Adapted from Jim Conrad's online book A Birding Trip through Mexico, This excerpt from "The Dunes of Samayaluca" northern Chihuahua state

Curve-billed Thrasher

With dune crests blazing, I walk along chilly, blue-shaded dune slopes. With immense satisfaction, before having even crossed the first dune, the desert's silence is shattered by a piercing, almost startling whit-wheet, enunciated like the "Hey, you!" whistle some people use to get attention. The call comes from a car-size thicket of yuccas atop a sand ridge connecting two nearby dune peaks.

Despite my slow approach to the yuccas, the whit-wheeter spooks and escapes to the crest of the next dune, landing starkly silhouetted against the glaring eastern sky, fairly galloping onto the ridge, kicking up a silhouetted spray of sand atop the silhouetted dune.

The running silhouette displays an eleven-inch long (28 cm) songbird with a curved bill and a longer-than-usual tail. Anyone familiar with American birds would know that it's a kind of thrasher. Circling the dune for a look at the bird's sunny side, I'm ready to say which thrasher it is after catching a glimpse of nothing more than its eye color, for it's the only thrasher in this part of Mexico with reddish-orange eyes, the Curve-billed Thrasher.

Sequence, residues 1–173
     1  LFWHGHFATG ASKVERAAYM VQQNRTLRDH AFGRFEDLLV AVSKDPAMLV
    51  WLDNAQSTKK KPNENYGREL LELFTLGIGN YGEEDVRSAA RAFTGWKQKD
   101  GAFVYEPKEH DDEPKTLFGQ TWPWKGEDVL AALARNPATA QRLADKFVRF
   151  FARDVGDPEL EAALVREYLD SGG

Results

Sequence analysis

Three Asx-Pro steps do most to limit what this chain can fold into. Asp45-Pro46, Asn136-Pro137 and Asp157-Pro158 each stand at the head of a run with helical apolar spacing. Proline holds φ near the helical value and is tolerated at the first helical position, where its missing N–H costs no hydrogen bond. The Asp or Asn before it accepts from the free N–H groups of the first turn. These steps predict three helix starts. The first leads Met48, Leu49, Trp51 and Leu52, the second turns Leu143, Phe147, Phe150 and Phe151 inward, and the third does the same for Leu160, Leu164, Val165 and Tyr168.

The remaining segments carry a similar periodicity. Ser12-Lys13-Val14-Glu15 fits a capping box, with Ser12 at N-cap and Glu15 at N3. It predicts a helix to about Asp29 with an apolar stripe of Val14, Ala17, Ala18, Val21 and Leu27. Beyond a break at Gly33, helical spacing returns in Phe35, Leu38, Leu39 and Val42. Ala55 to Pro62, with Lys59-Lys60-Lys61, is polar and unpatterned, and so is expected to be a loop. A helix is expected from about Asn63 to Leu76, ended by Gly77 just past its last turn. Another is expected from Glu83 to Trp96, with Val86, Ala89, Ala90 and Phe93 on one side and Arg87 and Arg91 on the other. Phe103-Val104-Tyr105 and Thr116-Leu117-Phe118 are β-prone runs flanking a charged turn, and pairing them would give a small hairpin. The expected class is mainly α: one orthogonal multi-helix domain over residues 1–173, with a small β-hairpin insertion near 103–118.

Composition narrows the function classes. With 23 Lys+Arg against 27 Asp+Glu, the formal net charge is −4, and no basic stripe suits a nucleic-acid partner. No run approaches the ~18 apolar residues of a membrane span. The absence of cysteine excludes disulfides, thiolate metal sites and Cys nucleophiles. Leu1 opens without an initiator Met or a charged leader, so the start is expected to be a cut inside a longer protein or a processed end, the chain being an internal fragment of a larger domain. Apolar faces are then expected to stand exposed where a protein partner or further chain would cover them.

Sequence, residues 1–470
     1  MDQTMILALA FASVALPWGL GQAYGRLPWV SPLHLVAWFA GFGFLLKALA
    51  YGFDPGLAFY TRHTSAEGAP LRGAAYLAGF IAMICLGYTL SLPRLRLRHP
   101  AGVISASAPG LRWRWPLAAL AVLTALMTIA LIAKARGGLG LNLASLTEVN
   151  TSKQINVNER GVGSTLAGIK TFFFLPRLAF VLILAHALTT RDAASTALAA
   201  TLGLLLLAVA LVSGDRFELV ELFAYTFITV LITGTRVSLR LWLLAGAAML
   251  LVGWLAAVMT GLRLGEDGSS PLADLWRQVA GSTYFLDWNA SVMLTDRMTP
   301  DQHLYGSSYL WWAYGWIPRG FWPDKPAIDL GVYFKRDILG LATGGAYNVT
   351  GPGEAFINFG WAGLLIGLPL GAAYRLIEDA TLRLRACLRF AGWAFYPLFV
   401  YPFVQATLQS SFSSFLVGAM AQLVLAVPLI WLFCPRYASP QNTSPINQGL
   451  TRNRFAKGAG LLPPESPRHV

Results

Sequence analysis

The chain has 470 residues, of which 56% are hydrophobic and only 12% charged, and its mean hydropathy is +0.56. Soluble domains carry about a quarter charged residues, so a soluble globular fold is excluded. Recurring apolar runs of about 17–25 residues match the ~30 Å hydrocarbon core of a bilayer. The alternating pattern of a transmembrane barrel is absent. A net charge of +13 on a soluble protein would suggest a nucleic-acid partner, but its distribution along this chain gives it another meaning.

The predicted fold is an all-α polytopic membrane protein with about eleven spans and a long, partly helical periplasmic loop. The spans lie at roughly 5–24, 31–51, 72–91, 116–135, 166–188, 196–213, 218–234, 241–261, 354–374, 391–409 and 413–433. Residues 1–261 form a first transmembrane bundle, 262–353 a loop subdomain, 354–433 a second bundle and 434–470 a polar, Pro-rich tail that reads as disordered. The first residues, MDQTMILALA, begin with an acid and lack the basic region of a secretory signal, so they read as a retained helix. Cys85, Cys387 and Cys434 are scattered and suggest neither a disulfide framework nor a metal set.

Except for its orange eyes it's a drab bird, the dark, dingy hue of a rag that's been used to wipe off a very dirty car. Filthy House Sparrows in sooty Third-World cities are this color. Indistinct streaks on the bird's chest show like curdles formed atop sour milk.

This dramatic appearance pleases me greatly. Even though the species is common in this region wherever sparse desert scrub occurs, I would never have seen it when I first started birding as a farmboy in Kentucky. The closest Curve-billed Thrashers come to my childhood home is central Texas, some 700 miles (1,100 kms) southwest of Kentucky.

This is something I've always done -- related plants and animals seen during my travels to the species I knew so intimately as a kid. In a way, the degree to which I always "feel at home" varies in direction proportion to how many plants and animals around me are the same I knew as a kid. When I see something like this Curve-billed Thrasher, I am thrilled by its exoticness.

Now, with an immense sense of satisfaction, I bring out my notebook and write:

October 5 latitude 31º21'N, longitude 106º27'W

MEXICO: Chihuahua; ±10 km NE of town of Samalayuca, elev. ±1,300 m (±4,300 feet); sand dunes with some sparse herbs, grasses and low shrubs in dune troughs, a few yuccas on dune slopes

  1. Curve-billed Thrasher